Japan plans hologram World Cup in 2022
Japan has upped the ante in World Cup bids with their latest ambitious innovation – beaming matches directly onto pitches in stadiums throughout the world.
With FIFA’s decision for the hosts of the 2018 and 2022 World Cups due to be made on 2 December 2010, Japan has been receiving a large amount of media attention after announcing their intentions earlier this year.
The £4.5 billion ($6 billion) project led by Japan’s electronic giants, dubbed the “Universal Fan Fest”, would require each match to be filmed by 200 high-definition 3D cameras. As the match takes place the cameras record the action and, at 400 other stadiums across 208 countries, the action would be projected onto the pitch for the fans in those stadiums to watch.
Microphones beneath the pitch would record all of the sound, from the kick of a ball to the referee’s whistle, for the ultimate authentic experience. People would be able to see and hear the match from one of Japan’s World Cup stadiums inside Wembley Stadium, for example. This holodeck-esque proposal could immerse fans like never before. The players and referee would be there on the pitch as holograms.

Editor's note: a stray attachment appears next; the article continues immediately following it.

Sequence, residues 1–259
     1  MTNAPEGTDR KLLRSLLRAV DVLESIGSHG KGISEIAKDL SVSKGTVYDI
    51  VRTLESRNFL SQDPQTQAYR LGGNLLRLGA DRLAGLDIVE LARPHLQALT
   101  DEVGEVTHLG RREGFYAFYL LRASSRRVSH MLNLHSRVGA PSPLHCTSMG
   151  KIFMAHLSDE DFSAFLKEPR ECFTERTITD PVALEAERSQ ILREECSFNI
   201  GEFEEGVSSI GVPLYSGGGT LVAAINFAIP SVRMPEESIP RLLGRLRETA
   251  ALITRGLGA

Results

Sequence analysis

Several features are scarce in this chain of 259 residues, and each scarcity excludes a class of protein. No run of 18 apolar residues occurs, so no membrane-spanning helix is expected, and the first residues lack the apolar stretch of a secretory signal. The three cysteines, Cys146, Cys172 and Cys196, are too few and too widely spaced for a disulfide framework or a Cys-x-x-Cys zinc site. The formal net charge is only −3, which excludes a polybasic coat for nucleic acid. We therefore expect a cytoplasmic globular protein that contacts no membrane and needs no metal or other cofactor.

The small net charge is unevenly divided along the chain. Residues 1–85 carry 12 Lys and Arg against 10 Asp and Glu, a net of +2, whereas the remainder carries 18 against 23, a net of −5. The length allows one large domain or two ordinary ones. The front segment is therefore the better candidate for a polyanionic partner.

Solar panels on the roof of the stadium would provide power, but another interesting innovation would be to use the spectators to provide energy for the system. Fans cheering, stomping their feet and jumping would all provide power. They’d surely have to find some way to liven up boring 0-0 games, though, to prevent loss of power. Perhaps we could suggest a multi-ball system?
Director of Technology for the Japanese World Cup Committee Jun Marai said: “You may say the required technology is like a dream and smacks of a sci-fi movie, but it is important to see how technology will evolve within 12 years. I think it will be realised or become usable by around 2016.”
With England solely focused on hosting the 2018 World Cup, Japan’s giant holodeck plan for 2022 shouldn’t hinder the bid to bring the world’s greatest competition back to England for the first time since 1966, so fans torn between home allegiance and science-fiction fantasy need not worry.
If the hologram plans do not materialise, Japan still wants to broadcast the games on giant 3D TV screens inside stadiums around the world. However, the science-fiction geeks amongst us will surely be hoping the proposed holographic football matches become a reality. Besides, TV was so last year. We want holograms!